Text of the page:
Secrecy World by Jake Bernstein


Secrecy World by Jake Bernstein

Author:Jake Bernstein
Language: eng
Format: epub
Publisher: Henry Holt and Co.


14

TROUBLE AHEAD, TROUBLE BEHIND

While ICIJ and its collaborators chased down leaks from Luxembourg and Switzerland, Mossfon found itself under siege by a new and powerful adversary. The firm became collateral damage in a high-stakes fight between the American hedge fund billionaire Paul Singer and Argentinean president Cristina Fernández de Kirchner. Played out in a federal courtroom in Las Vegas, their struggle would influence the trajectory of Mossfon, the secrecy world, and collaborative journalism.

The conflict dated to 2001, when Argentina, in the midst of an economic depression, defaulted on its sovereign debt. Singer’s hedge fund, Elliott Management, had been buying Argentinean government bonds at a significant discount. Reasoning that something was better than nothing, most bondholders accepted steep reductions on their investments, absorbing losses of up to 70 percent. Elliott’s business model was different. Singer held as much as $1.7 billion in Argentinean bonds; he wanted them repaid in full. The billionaire took his case all the way to the U.S. Supreme Court and won.

Elliott Management scoured the globe for Argentinean assets to repossess to satisfy the judgment and drive the Argentines to the bargaining table. The hedge fund froze $3 million’s worth of equipment and warehouses in Maryland, temporarily grabbed a naval vessel in Ghana, and forced Fernández de Kirchner to ditch her official plane for fear it would be seized on a trip to the United States. The Argentinean president responded with intransigent nationalism. The vultures can take our boats, she declared haughtily, but they will never take our “freedom, sovereignty, or dignity.”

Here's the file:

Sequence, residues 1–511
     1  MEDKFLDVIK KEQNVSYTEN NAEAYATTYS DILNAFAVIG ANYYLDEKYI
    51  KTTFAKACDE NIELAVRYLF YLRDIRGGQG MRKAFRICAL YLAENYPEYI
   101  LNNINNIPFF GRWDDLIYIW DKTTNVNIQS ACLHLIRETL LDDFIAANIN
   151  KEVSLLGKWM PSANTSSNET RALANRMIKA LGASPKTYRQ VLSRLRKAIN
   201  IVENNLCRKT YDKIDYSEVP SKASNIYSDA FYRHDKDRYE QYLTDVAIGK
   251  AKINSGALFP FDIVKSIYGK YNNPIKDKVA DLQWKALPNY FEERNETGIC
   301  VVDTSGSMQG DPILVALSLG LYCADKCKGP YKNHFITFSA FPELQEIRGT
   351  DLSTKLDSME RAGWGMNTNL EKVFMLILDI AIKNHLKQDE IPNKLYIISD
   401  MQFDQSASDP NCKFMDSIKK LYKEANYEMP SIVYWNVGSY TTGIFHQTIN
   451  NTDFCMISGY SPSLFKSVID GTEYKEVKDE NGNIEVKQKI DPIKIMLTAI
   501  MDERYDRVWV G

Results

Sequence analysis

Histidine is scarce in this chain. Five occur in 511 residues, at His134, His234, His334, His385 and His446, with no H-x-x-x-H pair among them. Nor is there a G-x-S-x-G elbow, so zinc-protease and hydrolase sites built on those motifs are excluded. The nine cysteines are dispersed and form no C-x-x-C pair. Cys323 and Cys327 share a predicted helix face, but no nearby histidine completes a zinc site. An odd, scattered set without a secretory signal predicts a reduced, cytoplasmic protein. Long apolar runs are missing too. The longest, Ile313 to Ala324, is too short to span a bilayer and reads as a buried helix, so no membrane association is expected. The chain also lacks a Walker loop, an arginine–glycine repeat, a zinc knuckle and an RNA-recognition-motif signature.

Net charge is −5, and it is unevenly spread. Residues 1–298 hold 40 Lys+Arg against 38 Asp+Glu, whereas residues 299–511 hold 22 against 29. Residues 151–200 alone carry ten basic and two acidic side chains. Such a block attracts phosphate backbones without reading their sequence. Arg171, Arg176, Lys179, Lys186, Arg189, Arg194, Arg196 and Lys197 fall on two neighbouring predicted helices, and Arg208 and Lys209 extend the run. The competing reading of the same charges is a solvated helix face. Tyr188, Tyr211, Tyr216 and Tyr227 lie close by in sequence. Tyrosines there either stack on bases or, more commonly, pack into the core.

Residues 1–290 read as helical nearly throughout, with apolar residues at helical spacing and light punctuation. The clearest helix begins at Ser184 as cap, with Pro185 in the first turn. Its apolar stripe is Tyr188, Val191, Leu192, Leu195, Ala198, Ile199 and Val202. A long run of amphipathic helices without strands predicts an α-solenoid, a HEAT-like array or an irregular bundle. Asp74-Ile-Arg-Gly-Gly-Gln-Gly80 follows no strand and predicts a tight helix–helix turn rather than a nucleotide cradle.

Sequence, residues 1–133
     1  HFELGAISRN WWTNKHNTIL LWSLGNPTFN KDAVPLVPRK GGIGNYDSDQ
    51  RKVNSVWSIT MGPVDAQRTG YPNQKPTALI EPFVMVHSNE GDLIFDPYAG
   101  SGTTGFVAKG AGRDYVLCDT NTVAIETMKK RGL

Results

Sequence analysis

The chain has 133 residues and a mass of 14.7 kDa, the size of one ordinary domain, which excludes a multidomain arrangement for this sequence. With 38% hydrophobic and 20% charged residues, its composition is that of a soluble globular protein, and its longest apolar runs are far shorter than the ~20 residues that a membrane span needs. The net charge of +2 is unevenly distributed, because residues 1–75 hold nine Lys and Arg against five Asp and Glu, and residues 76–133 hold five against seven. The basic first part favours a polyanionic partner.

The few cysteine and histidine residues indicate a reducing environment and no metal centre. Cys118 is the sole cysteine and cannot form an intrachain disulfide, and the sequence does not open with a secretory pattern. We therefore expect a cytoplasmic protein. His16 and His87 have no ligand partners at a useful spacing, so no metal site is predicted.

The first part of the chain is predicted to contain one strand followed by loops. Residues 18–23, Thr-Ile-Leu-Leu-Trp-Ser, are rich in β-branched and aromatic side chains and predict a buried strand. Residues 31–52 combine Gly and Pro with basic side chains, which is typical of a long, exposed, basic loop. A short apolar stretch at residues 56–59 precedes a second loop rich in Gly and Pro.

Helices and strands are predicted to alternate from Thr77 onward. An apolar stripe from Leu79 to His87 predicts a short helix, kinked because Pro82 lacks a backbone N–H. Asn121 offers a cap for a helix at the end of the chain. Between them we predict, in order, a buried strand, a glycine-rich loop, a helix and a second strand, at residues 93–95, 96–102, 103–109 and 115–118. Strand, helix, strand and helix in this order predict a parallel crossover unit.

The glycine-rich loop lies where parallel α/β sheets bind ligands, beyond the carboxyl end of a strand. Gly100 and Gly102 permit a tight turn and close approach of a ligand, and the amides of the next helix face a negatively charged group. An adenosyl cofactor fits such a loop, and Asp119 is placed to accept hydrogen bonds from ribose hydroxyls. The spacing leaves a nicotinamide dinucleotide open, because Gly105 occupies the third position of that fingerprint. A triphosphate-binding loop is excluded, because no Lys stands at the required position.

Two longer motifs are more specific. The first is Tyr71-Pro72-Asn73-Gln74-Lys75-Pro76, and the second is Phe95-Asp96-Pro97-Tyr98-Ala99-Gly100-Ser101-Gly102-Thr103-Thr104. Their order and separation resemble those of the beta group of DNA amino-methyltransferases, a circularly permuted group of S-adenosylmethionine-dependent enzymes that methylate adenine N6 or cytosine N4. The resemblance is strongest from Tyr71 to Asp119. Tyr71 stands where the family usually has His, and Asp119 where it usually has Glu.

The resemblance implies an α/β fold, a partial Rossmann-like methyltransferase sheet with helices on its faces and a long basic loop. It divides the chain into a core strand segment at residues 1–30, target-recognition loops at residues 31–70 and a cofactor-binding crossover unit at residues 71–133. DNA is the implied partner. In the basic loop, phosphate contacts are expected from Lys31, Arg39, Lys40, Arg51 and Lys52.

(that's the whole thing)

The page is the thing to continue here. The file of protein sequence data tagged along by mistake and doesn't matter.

While tossing around ideas for what to target next, Elliott personnel alighted upon a growing scandal in Argentina involving Fernández de Kirchner and her late husband, former president Néstor Kirchner, over allegations of money laundering. Jorge Lanata, an Argentinean television journalist known for mixing comedy with investigative reporting, broadcast a series of reports in April 2013 called “the K [for Kirchner] Money Trail” that centered around Lázaro Báez, a former bank teller turned millionaire businessman. In the early 1990s, Báez ingratiated himself with Néstor Kirchner, then a rising politician, by allegedly leaking confidential bank information about the couple’s enemies.

A few weeks before Néstor Kirchner was elected to the Argentinean presidency in 2003, Báez created a construction firm that then won extensive public works contracts in Patagonia, in the south of the country. In exchange for these contracts, Báez allegedly funneled money back to the Kirchners through multiple channels, including a series of offshore companies. Lanata’s broadcasts included video testimony of alleged associates of Báez explaining how they boarded his corporate jets with sacks full of cash. The illicit loot was destined for foreign bank accounts controlled by anonymous companies scattered throughout the world.

Exposés by Lanata and other Argentinean journalists led to a criminal investigation. Prosecutor José María Campagnoli issued his own report in December 2013, suggesting that Báez had laundered $65 million in embezzled state funds through 150 companies based either in Panama or Nevada. Campagnoli based his assumption in part on the companies’ connection to Helvetic



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